By Alireza Hashemi

Hoist by its own petard: How Saudi Arabia was pushed against the wall in Yemen

October 6, 2019

Tehran - A spate of fruitful Yemeni operations against Saudi Arabia has underscored transformation of anti-Saudi forces into an obstinate actor gaining in military sophistication, increasing pressure on Riyadh to acknowledge what described as a democracy-promotion campaign has only diminished its influence in Yemen and sullied its reputation globally. 

Eyebrows raised when a swarm of drones struck facilities at the heart of Saudi Arabia’s oil industry last month. 

The attack was regarded highly sophisticated since it circumvented a patchwork of air defense systems inside the oil kingdom. 

The attacks were claimed by a coalition of Yemeni fighters, mainly made up of Ansarullah and more than half of the former Yemeni Army. 

Saudi Arabia and its western backers – the US, UK, France, and Germany – have accused Iran of perpetrating the strike, but no compelling evidence proving the claim has yet been publicized. 

Last week, the Yemeni forces unveiled a separate set of military operations against Saudi Arabia that proved even more surprising for the global audience. 

The Yemeni forces broadcast footage they said was of an assault against Saudi Arabia in August that killed or wounded 500 soldiers with near 2,700 soldiers surrendering. 

The assault targeted the southern region of Najran, with videos aired showing armored vehicles hit by blasts, along with large piles of weapons and surrendering soldiers. 

Saudi Arabia has described Ansarullah’s claims as part of a “misleading media campaign”. However, it has not directly disconfirmed the Yemeni assertions.

 Turning point in conflict?

The attacks showed the Yemeni fighters are capable of engaging in major cross-border offensives against Saudi Arabia, threatening the status-quo of the five-year-old war in Yemen. 

What was a small religious movement emerged in Yemen’s north in the 1980s, is now an actor of regional importance. 

Ansarullah fought six unsuccessful insurgencies against the Saudi-backed government of Yemen in the 2000s.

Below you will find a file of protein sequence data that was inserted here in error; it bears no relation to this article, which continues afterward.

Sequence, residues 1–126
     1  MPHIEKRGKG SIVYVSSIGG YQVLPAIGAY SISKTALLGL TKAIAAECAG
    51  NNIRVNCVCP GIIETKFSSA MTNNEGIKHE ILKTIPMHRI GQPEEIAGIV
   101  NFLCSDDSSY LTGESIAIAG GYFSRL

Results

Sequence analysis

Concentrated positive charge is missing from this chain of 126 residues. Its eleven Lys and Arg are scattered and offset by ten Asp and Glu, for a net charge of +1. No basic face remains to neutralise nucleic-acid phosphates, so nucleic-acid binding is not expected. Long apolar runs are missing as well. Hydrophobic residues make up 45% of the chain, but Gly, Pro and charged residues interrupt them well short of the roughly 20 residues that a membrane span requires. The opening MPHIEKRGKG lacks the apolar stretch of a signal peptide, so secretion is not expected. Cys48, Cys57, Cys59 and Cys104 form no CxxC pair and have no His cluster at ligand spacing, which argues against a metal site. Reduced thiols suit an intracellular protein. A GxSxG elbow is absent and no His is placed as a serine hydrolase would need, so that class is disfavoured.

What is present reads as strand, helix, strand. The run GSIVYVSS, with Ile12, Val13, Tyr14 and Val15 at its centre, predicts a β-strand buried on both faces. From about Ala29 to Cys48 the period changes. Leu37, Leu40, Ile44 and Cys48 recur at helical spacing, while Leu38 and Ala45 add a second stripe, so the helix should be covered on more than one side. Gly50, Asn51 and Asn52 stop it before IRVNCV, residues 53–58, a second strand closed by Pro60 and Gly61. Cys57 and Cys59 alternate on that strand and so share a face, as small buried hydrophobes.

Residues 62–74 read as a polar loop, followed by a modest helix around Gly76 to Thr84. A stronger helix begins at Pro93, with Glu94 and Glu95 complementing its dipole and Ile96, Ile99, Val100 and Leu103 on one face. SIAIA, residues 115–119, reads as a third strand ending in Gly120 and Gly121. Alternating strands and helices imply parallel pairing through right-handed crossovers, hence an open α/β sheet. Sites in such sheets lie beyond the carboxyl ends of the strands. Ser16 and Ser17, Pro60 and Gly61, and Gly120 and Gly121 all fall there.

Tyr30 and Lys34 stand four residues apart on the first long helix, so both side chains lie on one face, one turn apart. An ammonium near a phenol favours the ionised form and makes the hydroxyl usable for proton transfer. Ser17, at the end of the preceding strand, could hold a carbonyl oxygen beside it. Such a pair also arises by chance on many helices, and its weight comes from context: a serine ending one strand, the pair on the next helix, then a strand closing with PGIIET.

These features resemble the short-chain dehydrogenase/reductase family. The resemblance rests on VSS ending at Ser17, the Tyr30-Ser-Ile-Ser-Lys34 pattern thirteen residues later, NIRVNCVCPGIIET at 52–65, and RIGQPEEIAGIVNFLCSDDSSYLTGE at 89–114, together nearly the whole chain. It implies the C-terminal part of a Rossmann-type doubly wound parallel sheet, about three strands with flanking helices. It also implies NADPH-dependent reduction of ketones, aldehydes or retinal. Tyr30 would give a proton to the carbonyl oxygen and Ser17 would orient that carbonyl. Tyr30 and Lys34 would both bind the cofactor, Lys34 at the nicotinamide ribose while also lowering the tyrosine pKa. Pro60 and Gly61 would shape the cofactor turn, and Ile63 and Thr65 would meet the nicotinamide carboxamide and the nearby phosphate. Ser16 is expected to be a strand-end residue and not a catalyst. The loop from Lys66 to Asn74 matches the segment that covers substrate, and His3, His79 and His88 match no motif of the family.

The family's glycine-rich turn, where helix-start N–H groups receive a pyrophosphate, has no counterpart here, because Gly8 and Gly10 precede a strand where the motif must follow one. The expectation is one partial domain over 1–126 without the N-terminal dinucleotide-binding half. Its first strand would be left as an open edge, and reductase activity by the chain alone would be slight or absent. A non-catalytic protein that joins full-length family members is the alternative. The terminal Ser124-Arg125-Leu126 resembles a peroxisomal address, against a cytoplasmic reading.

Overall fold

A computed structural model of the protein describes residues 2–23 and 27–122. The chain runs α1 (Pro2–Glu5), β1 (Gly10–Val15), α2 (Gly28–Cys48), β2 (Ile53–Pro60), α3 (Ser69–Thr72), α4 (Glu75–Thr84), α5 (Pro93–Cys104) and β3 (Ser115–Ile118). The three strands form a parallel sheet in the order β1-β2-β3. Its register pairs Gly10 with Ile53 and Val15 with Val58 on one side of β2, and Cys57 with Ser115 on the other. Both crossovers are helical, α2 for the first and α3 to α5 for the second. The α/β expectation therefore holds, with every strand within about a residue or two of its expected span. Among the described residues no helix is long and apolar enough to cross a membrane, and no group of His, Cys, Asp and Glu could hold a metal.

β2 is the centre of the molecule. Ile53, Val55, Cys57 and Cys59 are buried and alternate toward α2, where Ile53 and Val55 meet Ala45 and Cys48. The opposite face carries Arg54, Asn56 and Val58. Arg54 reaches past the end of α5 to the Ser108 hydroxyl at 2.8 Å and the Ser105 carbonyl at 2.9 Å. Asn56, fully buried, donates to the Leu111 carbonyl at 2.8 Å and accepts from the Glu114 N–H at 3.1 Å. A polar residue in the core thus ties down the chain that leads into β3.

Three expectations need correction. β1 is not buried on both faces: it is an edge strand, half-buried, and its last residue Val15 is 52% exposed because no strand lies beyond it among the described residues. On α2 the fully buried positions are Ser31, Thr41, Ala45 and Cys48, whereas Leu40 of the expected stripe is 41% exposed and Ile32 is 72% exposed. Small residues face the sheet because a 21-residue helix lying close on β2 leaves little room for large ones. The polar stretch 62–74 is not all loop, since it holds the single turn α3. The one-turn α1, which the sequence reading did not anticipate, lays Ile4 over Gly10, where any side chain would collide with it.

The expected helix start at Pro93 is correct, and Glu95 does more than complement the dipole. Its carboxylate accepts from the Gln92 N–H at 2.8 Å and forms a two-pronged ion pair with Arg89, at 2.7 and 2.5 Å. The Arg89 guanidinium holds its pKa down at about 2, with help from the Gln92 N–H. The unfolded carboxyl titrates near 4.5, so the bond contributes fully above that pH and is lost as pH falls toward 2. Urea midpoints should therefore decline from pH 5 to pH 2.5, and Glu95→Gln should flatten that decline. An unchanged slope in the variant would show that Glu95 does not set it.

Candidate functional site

Following the Arab uprisings in early 2010s, the movement drew support from a wide array of local groups, tribesmen and military officers who shared a resentment of feeling marginalized at the hands of a corrupt and paralyzed government. 

The Saudi invasion and the economic blockade of the poorest Arab country has pushed many more to join the ranks of anti-Saudi forces. 

Currently, a hybrid range of forces make up the military element of Ansarullah, with some 60 percent of the Yemeni army previously loyal to former president Ali Abdullah Saleh has allied with the group. 

Thanks to the alliance, the group has become equipped with Yemeni Army’s weapons systems ranging from tanks and technical vehicles to anti-tank guided missiles and long-range ballistic missiles. 

 Massive transformation

They have come a long way since the early months of the war. 

The Houthis have significantly increased their cross-border strikes since December 2017, launching many assaults on military and economic installations in Saudi Arabia. 

Missiles have been time and again fired into Saudi cities, reaching as far as the capital Riyadh, and since January 2018 they’ve attacked using drones. 

During a presser late last month, Saudi military spokesman Turki al-Maliki claimed that Saudi Arabia had been targeted with 232 ballistic missiles and 258 drones in September. 

The increase in the number of attacks is in a large part due to the Houthis’ growing capabilities to manufacture drones and missiles. 

During the years, their technology has become much more sophisticated and far more lethal. 

 Attacks bode well for Yemen

The attacks showed the ragtag Ansarullah has transformed from a small opposition movement into a battle-hardened military force capable of hitting Saudi Arabia where it hurts the most. 

The ragtag Ansarullah has transformed from a small opposition movement to a battle-hardened military force threatening the status-quo of the five-year-old war in Yemen.Saudi Arabia and its western allies have long accused Iran of directing, arming and funding the movement. But such claims fly in the face of realities. 

Despite the imbalance of wealth and weapons, the Yemenis have stalemated the US-backed forces of Saudi Arabia and the United Arab Emirates. 

Saudi Arabia has invested billions of dollars in defense systems from the US, but those weapons have failed to shield the kingdom from incoming attacks.

The UAE seems to have realized that the war in Yemen is a hopeless case. That’s why it announced recently it would pull out of the Yemen conflict, leaving the Saudis increasingly isolated. 

The assaults on the Saudi oil facilities and the major ground offensive have spurred efforts to end a conflict long overdue for resolution. 

The war has triggered the world’s worst humanitarian disaster, with thousands of civilians dying from preventable causes, including malnutrition, disease, and poor health. 

Let’s hope Saudi Arabia will come to its senses and stop shooting itself in the leg.

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